Leicester is to receive £24.2 million to upgrade 93 schools, including 56 schools, installing heat pumps and new solar panels to generate clean renewable energy. The Investment is part of a £1 billion Government commitment to help tackle emissions from public sector buildings, supporting 30,000 jobs as part of the green recovery. Schools could save on their bills by being more energy efficient – cutting 2.4 megatonnes (Mt) of CO2 a year - the equivalent of removing all emissions from Derby and Leicester combined.
The UK Government has invested £66.3 million so far into 26 projects to upgrade public buildings including schools and hospitals across the East Midlands, as part of a £1 billion drive to help reduce carbon emissions.
The new upgrades will play a key role in fighting climate change and reaching net zero emissions by 2050.
The news also comes as ministers unveil an ambitious blueprint, building on the Prime Minister’s 10 Point Plan for a Green Industrial Revolution, for the UK to become home to the world’s first low-carbon industrial sector, with industry’s carbon emissions cut by two-thirds within just 15 years.
Business and Energy Secretary, Kwasi Kwarteng, said:
“The Public Sector Decarbonisation Scheme will provide a helping hand to schools in Leicester, as the city works towards reducing its carbon footprint as we build back greener from the pandemic.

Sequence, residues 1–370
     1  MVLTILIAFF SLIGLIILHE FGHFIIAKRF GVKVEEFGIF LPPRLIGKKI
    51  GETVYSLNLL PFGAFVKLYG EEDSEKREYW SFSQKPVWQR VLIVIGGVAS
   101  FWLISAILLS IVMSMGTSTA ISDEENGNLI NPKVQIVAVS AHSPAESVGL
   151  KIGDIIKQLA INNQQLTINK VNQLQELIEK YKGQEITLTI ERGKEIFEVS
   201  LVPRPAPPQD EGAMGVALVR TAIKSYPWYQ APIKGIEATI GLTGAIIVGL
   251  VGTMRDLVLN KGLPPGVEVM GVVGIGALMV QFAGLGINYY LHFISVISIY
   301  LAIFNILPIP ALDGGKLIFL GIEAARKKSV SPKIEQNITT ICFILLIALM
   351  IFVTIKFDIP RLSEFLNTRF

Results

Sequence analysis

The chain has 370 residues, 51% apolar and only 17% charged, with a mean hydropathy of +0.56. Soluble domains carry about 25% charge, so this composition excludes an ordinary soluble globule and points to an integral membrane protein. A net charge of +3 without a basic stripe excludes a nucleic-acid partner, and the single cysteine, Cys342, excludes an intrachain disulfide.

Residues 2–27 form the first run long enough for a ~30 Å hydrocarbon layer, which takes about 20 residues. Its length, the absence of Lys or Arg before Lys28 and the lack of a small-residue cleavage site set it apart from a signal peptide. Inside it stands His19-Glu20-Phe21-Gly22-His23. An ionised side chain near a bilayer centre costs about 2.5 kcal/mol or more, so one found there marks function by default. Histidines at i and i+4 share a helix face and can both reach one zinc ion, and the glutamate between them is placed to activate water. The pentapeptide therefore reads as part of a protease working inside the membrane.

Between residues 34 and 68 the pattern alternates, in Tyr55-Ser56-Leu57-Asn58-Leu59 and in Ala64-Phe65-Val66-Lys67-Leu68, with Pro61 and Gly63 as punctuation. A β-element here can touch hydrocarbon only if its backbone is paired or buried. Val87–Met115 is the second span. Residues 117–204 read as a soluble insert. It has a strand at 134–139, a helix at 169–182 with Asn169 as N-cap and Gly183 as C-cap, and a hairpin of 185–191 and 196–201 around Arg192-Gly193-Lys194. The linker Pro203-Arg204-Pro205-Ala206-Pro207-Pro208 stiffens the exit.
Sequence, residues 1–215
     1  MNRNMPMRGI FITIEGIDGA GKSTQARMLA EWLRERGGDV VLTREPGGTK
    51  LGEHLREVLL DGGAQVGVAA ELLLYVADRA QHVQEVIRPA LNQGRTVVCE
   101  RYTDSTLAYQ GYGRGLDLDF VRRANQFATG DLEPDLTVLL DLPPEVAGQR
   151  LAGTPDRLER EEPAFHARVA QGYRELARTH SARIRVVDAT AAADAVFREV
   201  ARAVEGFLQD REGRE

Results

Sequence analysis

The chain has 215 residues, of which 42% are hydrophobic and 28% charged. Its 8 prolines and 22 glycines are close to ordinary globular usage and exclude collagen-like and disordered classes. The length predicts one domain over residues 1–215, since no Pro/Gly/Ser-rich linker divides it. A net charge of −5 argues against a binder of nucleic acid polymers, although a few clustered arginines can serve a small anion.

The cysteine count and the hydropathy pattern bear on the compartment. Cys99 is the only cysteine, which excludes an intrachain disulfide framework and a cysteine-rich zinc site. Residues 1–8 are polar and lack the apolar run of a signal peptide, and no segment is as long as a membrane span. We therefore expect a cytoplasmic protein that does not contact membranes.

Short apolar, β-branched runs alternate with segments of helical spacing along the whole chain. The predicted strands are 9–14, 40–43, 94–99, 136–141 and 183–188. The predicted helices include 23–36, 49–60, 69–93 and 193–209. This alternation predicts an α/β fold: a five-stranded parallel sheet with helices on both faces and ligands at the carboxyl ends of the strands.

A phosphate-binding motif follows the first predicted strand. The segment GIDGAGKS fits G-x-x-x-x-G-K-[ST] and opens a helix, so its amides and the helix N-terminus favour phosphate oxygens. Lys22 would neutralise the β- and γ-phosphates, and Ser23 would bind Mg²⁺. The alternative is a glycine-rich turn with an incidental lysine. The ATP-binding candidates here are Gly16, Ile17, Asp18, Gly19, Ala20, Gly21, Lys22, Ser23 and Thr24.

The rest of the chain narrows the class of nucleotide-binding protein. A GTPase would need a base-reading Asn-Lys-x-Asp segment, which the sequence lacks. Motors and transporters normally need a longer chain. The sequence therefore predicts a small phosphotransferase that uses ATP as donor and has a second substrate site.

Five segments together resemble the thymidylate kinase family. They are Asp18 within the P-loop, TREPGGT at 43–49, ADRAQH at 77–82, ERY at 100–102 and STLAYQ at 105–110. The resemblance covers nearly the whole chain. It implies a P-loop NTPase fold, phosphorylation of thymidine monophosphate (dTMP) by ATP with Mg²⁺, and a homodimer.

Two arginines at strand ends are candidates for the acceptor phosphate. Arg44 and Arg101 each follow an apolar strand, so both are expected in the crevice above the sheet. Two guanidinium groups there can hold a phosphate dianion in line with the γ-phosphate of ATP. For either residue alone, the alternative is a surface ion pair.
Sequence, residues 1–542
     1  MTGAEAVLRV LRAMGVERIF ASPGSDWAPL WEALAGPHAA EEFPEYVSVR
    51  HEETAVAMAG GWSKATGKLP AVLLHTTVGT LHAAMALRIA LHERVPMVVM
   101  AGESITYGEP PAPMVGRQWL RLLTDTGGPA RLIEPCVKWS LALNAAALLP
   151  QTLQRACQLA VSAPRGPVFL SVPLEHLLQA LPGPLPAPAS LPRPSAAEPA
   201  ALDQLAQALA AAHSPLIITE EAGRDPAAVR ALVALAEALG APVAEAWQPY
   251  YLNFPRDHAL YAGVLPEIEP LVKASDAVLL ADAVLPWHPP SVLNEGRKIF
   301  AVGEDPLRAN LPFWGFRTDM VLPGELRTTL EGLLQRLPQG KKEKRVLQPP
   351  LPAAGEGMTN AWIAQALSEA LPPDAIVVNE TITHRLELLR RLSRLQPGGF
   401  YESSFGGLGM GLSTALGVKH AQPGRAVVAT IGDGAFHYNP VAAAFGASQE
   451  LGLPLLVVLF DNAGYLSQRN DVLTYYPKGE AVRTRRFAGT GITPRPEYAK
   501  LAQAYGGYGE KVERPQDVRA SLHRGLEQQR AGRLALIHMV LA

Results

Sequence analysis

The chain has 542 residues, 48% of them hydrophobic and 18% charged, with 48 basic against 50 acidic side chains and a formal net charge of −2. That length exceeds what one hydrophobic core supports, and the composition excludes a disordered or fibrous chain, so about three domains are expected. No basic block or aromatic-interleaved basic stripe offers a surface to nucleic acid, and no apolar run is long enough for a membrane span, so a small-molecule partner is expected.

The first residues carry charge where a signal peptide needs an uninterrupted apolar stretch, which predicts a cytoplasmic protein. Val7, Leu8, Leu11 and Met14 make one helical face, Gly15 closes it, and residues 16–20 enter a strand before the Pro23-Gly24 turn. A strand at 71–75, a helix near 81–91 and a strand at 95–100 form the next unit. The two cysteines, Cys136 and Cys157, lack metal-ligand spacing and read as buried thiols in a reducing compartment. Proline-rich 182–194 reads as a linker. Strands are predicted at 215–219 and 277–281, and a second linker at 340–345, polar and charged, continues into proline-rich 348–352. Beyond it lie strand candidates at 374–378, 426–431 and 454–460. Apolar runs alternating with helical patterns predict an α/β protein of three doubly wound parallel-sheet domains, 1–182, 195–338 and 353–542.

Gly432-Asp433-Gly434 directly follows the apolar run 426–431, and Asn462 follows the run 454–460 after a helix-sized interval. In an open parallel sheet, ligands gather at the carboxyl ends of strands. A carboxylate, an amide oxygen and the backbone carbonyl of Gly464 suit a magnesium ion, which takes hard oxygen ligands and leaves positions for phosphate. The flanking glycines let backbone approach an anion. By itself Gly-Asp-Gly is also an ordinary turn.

“Emissions from public buildings have declined by 41% since 1990, but we need to go further still if we’re to reach net zero by 2050, which is why I urge everyone to consider what more they can do - whether it’s changing lightbulbs, installing a heat pump or topping up insulation - every little helps.”
Estimates suggest schools and hospitals in England and Wales could save tens of millions of pounds a year on their energy bills by being more efficient – helping cut up to 2.4 megatonnes (Mt) of CO2 annually - the equivalent of removing all emissions from Derby and Leicester combined.
Former Energy minister, Baroness Verma, said:
“I know schools across our city have long wanted to replace the old and inefficient energy systems which are very damaging for the environment and costly to run. This investment by the government will save needed funds through lower energy costs for the schools and help our city become carbon neutral.”
The investment is part of a £1 billion Government commitment to help tackle emissions from public sector buildings, supporting 30,000 jobs as part of the green recovery.
A recent pilot run by Energy Sparks, overseen by the Carbon Trust, has shown even the smallest of changes could help reduce consumption, with schools potentially able to save as much as £15 for every one of their pupils if they took simple energy efficiency measures like turning their heating off at weekends.